Healing the Collective Trauma of COVID-19

The world is going through a collective trauma.  The first collective trauma in my lifetime was the Challenger explosion.  I remember sitting in my 5th grade classroom watching the news footage of the space shuttle exploding over and over and over.  It’s burned into my brain with complete precision, along with the details of the little classroom, and my desk and my teacher, Mr. Pike.

The second collective trauma of my lifetime was September 11th.  That morning, I was listening to music on my little clock radio while I got dressed to go to my Shakespeare class at San Diego State University, when the DJ announced the attack.  At first I didn’t believe it.  I thought someone was doing an Orson Welles, War of the Worlds, impression.  Every detail of my tiny bedroom in the first apartment that I ever rented on my own is perfectly recorded, including the black and white graphic printed bedspread and the framed Ikea print on the wall, and the words, “A plane has crashed into one of the Twin Towers.”  Perfect recall is often a symptom of trauma.

After the Challenger, the space program and NASA were never the same.  After September 11th, the whole world was different, including a war  and a death toll that still continues to rise.  More than that, the people were different; more suspicious, more on edge.  In psychological terms, this is known as hypervigilance, and it’s a common result of a trauma.  It means always looking over your shoulder to make sure you’re safe because you never know when the next attack might occur.  Since September 11th, the world, and especially the United States, have been perpetually looking over our collective shoulders, trying to identify and root out the threat before it strikes.  This is an extremely stressful state of being.

And just when we thought it might be safe to take a breath and rest, we find ourselves in a pandemic, with thousands sick, and thousands more losing their livelihoods overnight. The well are staying in their homes to shelter from an invisible enemy that kills, and in a time when comfort is the thing that we all need most, nobody is allowed to touch each other, let alone get within 6 feet of each other.  I, myself, am dying for a hug, and a whispered “It’s going to be OK.”  I know that I’m not alone.

Last weekend I went to the grocery store for supplies, and had to wait for an hour in a line that was two blocks long with marks taped onto the ground to help us to stay 6 feet apart.  A woman gave me a dirty look as I passed her to take my place in line, and I felt the fear and rage in her that I might be infected and get her sick.  Traumatized people often lash out without reason in an attempt to keep themselves safe.  Without a visible enemy, they often lash out at each other, somehow feeling safer as they push others away.  We’ve all seen the rage-a-holics in the world, angry with everyone as a way to protect their own deep and repressed wounds from growing any bigger.  It doesn’t work.  Wounds need tenderness to heal.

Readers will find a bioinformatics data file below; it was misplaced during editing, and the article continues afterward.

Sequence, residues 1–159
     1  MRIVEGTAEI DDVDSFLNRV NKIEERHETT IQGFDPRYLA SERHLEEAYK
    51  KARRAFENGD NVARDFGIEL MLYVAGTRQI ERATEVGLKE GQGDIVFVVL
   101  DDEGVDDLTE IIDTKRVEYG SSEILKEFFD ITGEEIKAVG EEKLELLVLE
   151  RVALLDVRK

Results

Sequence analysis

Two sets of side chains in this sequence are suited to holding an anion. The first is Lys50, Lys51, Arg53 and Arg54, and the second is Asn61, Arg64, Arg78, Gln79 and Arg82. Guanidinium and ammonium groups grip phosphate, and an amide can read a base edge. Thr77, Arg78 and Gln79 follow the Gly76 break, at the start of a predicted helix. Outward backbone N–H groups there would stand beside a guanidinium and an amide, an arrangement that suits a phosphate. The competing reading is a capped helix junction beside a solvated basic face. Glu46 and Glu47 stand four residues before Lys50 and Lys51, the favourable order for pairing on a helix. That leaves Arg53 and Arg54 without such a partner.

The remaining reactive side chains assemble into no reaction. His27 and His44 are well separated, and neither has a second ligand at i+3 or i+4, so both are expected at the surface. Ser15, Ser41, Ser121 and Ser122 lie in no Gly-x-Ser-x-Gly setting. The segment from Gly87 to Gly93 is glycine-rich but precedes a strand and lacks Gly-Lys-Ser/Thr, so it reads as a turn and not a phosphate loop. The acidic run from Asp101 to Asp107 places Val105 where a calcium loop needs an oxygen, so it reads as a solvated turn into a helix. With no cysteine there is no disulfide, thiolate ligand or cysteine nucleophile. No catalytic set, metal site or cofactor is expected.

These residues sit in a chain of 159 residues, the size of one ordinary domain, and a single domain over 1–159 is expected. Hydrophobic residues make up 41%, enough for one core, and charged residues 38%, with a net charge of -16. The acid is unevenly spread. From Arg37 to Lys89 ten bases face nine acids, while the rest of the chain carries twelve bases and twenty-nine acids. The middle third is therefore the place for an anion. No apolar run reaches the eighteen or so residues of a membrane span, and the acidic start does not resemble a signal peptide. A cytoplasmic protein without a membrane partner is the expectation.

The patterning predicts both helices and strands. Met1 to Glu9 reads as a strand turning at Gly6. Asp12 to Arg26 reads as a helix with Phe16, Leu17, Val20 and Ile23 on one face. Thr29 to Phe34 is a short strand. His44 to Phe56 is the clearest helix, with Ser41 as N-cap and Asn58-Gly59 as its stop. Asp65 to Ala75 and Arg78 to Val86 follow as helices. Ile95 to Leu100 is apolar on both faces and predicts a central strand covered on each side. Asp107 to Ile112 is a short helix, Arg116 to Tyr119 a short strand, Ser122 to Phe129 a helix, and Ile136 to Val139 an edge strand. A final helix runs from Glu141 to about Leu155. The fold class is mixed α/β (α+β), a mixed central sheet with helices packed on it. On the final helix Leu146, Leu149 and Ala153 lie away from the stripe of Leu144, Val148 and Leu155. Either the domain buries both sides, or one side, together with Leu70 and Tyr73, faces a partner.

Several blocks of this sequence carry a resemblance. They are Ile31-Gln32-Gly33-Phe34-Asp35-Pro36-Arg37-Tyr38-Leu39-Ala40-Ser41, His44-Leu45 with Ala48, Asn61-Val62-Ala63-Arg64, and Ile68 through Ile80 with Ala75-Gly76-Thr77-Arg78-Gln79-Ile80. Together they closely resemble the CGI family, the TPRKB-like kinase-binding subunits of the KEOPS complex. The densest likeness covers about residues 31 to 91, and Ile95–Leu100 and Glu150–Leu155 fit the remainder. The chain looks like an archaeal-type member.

Yesterday I spoke with a friend in the nursing field, and she told me about the COVID-19 patients that she’s working with in a local hospital.  She told me that she saw a woman who had been unconscious wake up intubated and strapped down to keep her from pulling out her tubing.  My friend told me that the wild terror in the woman’s eyes brought her to tears.  I feel this story.  It hurts me deeply.  And I think that we’re all feeling it on one level or another.  We’ve all lost some agency over our own lives, and we’re all afraid.

In a traumatic world there is always ugliness, and we’ve seen our fair share of it already. There have been hate crimes against Asian Americans, and people hoarding supplies in extreme acts of selfishness.  However, there has also been beauty.  I just spent all day watching an online benefit concert with big name artists donating their time in order to raise money to help people that have lost their jobs due to COVID 19.  I’ve also seen stories of people buying groceries for those who can’t afford them.  I, myself, recently paid the difference when the woman ahead of me in line at the grocery store couldn’t afford her total bill.

My hope is that if you feel the desire to lash out, to hoard, or to protect yourself at the expense of others, that you remember that this is the trauma speaking.  It’s a natural defense mechanism of the animal brain, yes, but we are not animals.  We have the ability to choose our actions.  Take a breath and choose love, kindness and peace.  These are the qualities that bring healing to the traumatized.  These are the qualities that will allow us to heal ourselves.

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